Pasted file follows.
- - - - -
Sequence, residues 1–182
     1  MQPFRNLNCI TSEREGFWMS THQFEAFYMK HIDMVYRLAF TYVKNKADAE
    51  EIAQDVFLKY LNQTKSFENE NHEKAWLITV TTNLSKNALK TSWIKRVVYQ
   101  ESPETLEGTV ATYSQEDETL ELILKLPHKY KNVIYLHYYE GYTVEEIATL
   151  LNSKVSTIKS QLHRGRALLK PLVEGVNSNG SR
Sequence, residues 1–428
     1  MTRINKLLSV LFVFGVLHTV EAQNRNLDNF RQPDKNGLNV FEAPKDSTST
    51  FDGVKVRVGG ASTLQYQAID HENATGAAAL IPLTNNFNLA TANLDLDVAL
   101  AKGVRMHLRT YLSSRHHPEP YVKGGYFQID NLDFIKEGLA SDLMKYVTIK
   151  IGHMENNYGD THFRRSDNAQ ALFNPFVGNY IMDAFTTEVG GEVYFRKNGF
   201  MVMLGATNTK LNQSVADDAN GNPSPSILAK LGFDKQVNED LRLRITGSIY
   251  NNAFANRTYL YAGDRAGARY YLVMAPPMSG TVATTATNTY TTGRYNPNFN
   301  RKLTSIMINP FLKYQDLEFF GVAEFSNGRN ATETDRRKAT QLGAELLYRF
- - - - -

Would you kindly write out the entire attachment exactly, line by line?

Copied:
Sequence, residues 1–182
     1  MQPFRNLNCI TSEREGFWMS THQFEAFYMK HIDMVYRLAF TYVKNKADAE
    51  EIAQDVFLKY LNQTKSFENE NHEKAWLITV TTNLSKNALK TSWIKRVVYQ
   101  ESPETLEGTV ATYSQEDETL ELILKLPHKY KNVIYLHYYE GYTVEEIATL
   151  LNSKVSTIKS QLHRGRALLK PLVEGVNSNG SR
Sequence, residues 1–428
     1  MTRINKLLSV LFVFGVLHTV EAQNRNLDNF RQPDKNGLNV FEAPKDSTST
    51  FDGVKVRVGG ASTLQYQAID HENATGAAAL IPLTNNFNLA TANLDLDVAL
   101  AKGVRMHLRT YLSSRHHPEP YVKGGYFQID NLDFIKEGLA SDLMKYVTIK
   151  IGHMENNYGD THFRRSDNAQ ALFNPFVGNY IMDAFTTEVG GEVYFRKNGF
   201  MVMLGATNTK LNQSVADDAN GNPSPSILAK LGFDKQVNED LRLRITGSIY
   251  NNAFANRTYL YAGDRAGARY YLVMAPPMSG TVATTATNTY TTGRYNPNFN
   301  RKLTSIMINP FLKYQDLEFF GVAEFSNGRN ATETDRRKAT QLGAELLYRF